For parents, the idea that their child may have a learning disability can be troubling. They need information but experience trepidation about the process and possible outcomes of assessing for dyslexia and other learning differences. Up to 20% of the U.S. population is affected by dyslexia, and thankfully, there is a wealth of information to support students diagnosed today. The following tips help communicate with families and minimize the anxiety surrounding dyslexia screening procedures and assessments like Tests of Dyslexia (TOD™).
Explain the Purpose
Parents are accustomed to the norm of high-stakes testing environments in today’s schools and may be hesitant to agree to more testing for their children. An explanation of the brief and targeted nature of a dyslexia screening is helpful for greater understanding and buy-in from parents. They should know that screening results ensure all students receive instruction that best suits their needs. Additionally, parents should know how to plan for testing, including the scheduled dates.
Use Trauma-Sensitive Communication
Traumatic experiences are often a trigger for dyslexia. Without knowing whether the student or family has experienced trauma, it is wise to incorporate the following trauma-informed communication strategies to build trust:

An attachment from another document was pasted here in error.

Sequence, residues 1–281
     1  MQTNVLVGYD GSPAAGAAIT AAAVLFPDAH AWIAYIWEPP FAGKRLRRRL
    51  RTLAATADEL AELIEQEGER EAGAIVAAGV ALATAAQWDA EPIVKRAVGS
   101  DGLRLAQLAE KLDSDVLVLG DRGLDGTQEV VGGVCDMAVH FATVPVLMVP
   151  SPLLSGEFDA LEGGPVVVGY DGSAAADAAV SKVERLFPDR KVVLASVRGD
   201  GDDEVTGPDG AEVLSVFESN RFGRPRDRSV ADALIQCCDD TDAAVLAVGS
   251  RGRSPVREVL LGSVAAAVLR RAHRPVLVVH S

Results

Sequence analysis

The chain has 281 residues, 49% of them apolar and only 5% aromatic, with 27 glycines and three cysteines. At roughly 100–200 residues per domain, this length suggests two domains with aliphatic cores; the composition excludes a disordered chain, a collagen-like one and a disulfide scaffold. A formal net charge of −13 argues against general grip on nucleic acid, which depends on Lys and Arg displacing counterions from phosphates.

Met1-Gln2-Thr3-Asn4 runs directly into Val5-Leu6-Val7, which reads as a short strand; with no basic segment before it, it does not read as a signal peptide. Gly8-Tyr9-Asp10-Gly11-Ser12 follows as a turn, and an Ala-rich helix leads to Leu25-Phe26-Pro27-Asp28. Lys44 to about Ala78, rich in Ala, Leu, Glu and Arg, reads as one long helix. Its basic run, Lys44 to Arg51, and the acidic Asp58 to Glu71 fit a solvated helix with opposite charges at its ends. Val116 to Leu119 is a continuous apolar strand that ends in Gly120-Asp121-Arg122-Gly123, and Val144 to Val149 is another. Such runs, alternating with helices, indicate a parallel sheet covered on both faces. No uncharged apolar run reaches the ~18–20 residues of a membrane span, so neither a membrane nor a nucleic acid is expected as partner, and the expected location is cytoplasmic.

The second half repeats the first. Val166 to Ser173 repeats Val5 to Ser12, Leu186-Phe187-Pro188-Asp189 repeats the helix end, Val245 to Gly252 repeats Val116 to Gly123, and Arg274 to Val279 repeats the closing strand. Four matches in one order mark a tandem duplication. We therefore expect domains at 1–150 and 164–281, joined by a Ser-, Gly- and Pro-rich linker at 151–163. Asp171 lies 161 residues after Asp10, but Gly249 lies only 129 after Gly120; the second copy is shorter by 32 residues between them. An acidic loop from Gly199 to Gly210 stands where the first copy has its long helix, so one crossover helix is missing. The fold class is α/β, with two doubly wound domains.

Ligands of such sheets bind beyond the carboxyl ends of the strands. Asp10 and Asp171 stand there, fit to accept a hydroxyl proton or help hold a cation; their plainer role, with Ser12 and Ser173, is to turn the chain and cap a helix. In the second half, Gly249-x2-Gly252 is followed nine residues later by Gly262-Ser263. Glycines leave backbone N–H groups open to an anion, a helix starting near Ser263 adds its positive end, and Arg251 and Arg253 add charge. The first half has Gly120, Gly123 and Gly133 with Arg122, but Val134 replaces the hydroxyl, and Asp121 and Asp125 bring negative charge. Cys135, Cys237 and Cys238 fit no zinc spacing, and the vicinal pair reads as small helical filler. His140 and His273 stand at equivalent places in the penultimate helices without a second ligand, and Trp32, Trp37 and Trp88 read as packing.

- Ask parents for communication channel preferences
- Communicate with respect and sensitivity
- Create formal procedures for feedback
- Determine the home language and use it in communications
- Present families with choices wherever possible
- Provide information through multiple formats
- Safeguard personal information
- Schedule appointments in advance and be respectful of time
- Show sensitivity to cultural differences and how they impact the communication of assessment results
Sometimes clinicians and educators get caught up in their professional terminology and forget that parents don’t always understand the many educational acronyms and clinical terms used to describe assessments, symptoms, and interventions. The best option to ensure parents can follow the conversation is to avoid jargon. In instances where terms like 504 plan, MTSS, or RTI must be used, provide an explanation.
Focus on Positives
The best assessments will highlight students’ strengths as well as challenges. Presenting parents with the positive side of assessment results may be more receptive to the overall message of the test. Many dyslexic individuals cope by developing creative strategies. They are often skilled in seeing the big picture, even though the details can be challenging to grasp. A dyslexia diagnosis is often a positive experience explaining some of the difficulties that have plagued an individual for years.
Share Action Steps
After the assessment process, families will be anxious to know what comes next. In explaining the next steps of the screening process, include who will initiate each action and provide invitations to parents to participate in the formation of the individual education plan. After the assessment, communicate follow-up dates as soon as possible and provide contact information for questions they may think of in the future. It is also helpful to share information about support networks for families to reach out to for additional assistance outside the school.